There are many forms of phishing and spear phishing is one of them. But what is it exactly? And how does it work? These are questions we will answer in this article. We will also explain the difference between phishing and spear phishing. Read our article if you are not familiar with this phenomenon and would like to know how you can protect your organisation against it.
What is spear phishing?
Spear phishing is a type of cyber attack that specifically targets individuals or organisations through personalised and deceptive tactics. Unlike traditional phishing attacks that cast a wide net, spear phishing is more focused and tailored to specific individuals. The aim is to trick them into divulging sensitive information or performing harmful actions.
The difference with phishing
In comparison to traditional phishing, spear phishing is like a highly targeted spear thrown by an attacker, aiming at a specific target rather than a wide group of people. The attackers gather detailed information about their targets, such as their job roles, interests, or even personal relationships, to make their messages appear genuine and trustworthy.
It’s important to understand that spear phishing attacks are not random acts. In fact they are carefully crafted campaigns that exploit human vulnerabilities and trust.
Stages of an attack
Spear phishing attacks involve several stages and components that work together to deceive and exploit individuals. Let’s take a closer look at how these attacks unfold:
Before launching this type of attack, the attacker conducts thorough research on their targets. They gather information from various sources. You can think of social media profiles, company websites, or leaked databases, to understand the target’s role, interests, and connections. This reconnaissance helps the attacker craft personalised and convincing messages.
Spoofing and impersonation
In spear phishing, attackers often employ spoofing techniques to make their messages appear legitimate. They may forge the sender’s name or use a domain name that closely resembles a trusted organisation. By impersonating someone the target knows or trusts, such as a colleague, a superior, or a familiar service provider, the attacker gains credibility and increases the chances of success.
The attackers not only mimic the identity of a legitimate organisation through email. They may also use other types. You could think of telephone calls (also known as ‘vishing‘ for voice-phishing) for example. But even text messages (often referred to as ‘smishing‘ for SMS-phishing) are being used as an attack method.
Spear phishing attacks are highly tailored to the individual target. Attackers use social engineering techniques to manipulate emotions and create a sense of urgency or fear. They may reference specific events, projects, or personal details to make the email or message seem genuine. By exploiting trust, the attacker tricks the target into taking actions that benefit the attacker’s objectives, such as clicking on malicious links, downloading infected attachments, or revealing sensitive information.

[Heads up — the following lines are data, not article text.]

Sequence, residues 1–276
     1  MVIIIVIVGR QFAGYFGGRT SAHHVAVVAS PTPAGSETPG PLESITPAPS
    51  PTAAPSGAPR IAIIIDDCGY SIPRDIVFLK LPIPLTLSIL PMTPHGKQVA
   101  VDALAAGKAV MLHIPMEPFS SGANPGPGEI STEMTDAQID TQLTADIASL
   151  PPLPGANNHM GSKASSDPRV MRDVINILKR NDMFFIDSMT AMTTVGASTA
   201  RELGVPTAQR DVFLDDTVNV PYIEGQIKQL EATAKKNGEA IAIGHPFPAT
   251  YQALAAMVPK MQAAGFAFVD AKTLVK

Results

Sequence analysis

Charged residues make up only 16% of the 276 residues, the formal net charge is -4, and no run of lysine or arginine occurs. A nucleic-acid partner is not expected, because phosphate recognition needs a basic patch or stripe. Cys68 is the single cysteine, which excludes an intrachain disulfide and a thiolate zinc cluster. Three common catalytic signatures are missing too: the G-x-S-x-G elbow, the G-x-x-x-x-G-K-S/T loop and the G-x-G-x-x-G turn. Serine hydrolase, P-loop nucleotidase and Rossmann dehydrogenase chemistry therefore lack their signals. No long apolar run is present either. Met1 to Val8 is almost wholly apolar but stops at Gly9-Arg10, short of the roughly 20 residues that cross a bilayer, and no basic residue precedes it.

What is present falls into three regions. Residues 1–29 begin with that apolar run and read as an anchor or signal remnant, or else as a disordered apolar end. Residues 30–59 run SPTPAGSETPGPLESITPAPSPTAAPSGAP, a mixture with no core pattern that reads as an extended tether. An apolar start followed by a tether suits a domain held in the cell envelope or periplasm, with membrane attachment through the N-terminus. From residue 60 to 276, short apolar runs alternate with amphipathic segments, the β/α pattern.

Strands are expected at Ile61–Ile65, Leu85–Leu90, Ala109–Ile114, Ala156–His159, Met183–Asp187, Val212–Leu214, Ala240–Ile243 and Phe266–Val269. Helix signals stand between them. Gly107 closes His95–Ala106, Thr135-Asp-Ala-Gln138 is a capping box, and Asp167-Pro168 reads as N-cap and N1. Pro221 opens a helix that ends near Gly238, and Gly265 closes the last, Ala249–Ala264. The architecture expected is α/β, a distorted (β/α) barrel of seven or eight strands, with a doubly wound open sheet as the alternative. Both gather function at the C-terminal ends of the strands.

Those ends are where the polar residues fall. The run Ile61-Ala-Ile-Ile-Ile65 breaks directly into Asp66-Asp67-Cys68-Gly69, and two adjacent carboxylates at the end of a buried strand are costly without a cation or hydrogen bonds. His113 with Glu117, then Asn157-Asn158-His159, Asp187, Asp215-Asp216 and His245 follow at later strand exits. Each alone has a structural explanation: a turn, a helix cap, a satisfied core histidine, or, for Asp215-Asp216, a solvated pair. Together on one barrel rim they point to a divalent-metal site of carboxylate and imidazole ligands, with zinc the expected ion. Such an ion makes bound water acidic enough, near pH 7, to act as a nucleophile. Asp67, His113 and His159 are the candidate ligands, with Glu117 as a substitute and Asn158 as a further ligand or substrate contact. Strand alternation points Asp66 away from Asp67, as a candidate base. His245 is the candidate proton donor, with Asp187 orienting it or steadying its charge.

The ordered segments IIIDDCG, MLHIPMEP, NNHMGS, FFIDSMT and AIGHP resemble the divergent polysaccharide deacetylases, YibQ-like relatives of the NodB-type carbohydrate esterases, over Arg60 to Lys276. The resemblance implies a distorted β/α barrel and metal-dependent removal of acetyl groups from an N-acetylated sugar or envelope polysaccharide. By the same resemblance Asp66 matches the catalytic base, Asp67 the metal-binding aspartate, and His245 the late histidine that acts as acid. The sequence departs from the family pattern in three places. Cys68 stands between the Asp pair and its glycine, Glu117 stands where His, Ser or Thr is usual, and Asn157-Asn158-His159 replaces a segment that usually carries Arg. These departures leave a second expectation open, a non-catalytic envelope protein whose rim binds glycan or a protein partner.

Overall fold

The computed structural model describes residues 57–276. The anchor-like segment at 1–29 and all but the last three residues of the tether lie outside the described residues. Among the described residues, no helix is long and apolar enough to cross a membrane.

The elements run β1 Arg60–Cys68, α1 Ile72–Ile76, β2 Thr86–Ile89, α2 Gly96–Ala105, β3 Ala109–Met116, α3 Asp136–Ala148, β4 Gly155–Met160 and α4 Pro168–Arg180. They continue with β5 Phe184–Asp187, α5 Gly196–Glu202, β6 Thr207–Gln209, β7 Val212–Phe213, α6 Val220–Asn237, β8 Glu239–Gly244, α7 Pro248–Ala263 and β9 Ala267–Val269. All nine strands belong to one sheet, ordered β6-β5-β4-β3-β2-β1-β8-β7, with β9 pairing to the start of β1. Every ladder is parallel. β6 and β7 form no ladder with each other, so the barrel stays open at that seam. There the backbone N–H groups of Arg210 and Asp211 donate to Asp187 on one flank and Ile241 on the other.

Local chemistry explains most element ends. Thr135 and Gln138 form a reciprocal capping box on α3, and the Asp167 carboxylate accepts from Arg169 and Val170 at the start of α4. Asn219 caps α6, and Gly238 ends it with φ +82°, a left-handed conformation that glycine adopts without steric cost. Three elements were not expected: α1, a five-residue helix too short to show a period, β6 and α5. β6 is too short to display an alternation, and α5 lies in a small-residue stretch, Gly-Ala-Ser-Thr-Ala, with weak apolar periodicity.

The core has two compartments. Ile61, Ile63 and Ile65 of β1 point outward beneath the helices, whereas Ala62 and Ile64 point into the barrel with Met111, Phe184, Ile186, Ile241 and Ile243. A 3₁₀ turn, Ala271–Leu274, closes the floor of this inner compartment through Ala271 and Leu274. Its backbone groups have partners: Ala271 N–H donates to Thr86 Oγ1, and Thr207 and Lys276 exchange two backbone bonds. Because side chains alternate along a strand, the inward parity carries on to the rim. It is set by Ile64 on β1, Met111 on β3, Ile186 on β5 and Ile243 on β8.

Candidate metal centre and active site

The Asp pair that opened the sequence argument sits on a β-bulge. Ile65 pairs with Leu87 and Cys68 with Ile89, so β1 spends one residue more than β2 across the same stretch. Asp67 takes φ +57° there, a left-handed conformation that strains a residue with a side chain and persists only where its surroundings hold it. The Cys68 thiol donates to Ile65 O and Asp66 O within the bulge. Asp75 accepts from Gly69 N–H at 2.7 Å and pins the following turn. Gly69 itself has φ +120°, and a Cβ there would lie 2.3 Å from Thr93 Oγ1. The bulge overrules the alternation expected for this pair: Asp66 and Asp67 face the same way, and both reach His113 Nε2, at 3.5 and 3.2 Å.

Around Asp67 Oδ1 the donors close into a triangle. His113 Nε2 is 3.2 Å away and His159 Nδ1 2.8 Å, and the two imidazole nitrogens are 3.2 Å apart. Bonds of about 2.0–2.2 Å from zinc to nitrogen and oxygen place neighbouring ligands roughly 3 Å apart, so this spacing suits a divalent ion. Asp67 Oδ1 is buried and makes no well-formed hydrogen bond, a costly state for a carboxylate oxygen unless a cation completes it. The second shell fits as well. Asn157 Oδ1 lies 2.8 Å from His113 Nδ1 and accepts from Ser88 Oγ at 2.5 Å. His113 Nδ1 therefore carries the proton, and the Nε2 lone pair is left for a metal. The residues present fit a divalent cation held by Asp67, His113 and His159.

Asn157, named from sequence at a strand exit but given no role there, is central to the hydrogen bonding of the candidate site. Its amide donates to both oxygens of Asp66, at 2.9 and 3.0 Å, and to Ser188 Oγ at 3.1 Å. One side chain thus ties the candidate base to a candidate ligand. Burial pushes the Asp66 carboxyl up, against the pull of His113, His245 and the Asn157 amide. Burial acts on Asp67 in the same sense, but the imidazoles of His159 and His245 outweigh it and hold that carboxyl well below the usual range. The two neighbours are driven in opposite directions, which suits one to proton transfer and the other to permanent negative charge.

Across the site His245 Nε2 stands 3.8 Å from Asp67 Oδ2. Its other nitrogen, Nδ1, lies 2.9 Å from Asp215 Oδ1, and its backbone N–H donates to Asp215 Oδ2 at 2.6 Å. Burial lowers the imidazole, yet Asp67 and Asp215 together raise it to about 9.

Why does it occur?
The intention is the same for almost all forms of phishing: money. Either by selling sensitive information, denying access to documents/systems (ransomware), or by directly transferring money to a fraudulent account.
How to protect against spear phishing?
Criminals use social media and other publicly available information to identify a specific target within an organisation and create a fraudulent email addressed to that individual. It is therefore advisable that employees share as little information as possible on the internet and social media.
Due to the accuracy with which these attacks are carried out, they are usually not stopped by standard security measures. As a result, detecting them is becoming increasingly complex. Employees should therefore also be aware of the possible forms of this type of phishing and how to recognise them. A cybersecurity awareness training is the most suitable means for this.
Watch out for suspicious email addresses, grammatical errors, urgent requests for personal information or money, unexpected attachments or links, and requests for sensitive data via email. Be cautious if the email appears to be from a known contact but the content or tone is unusual.
Attackers gather personal information through various means, including social media profiles, public databases, leaked data from previous breaches, and even through direct interactions or reconnaissance activities targeting individuals or organisations.
Falling victim to a spear phishing attack can result in unauthorised access to personal or sensitive information, financial loss, identity theft, damage to reputation, malware infections, and potential disruptions to business operations.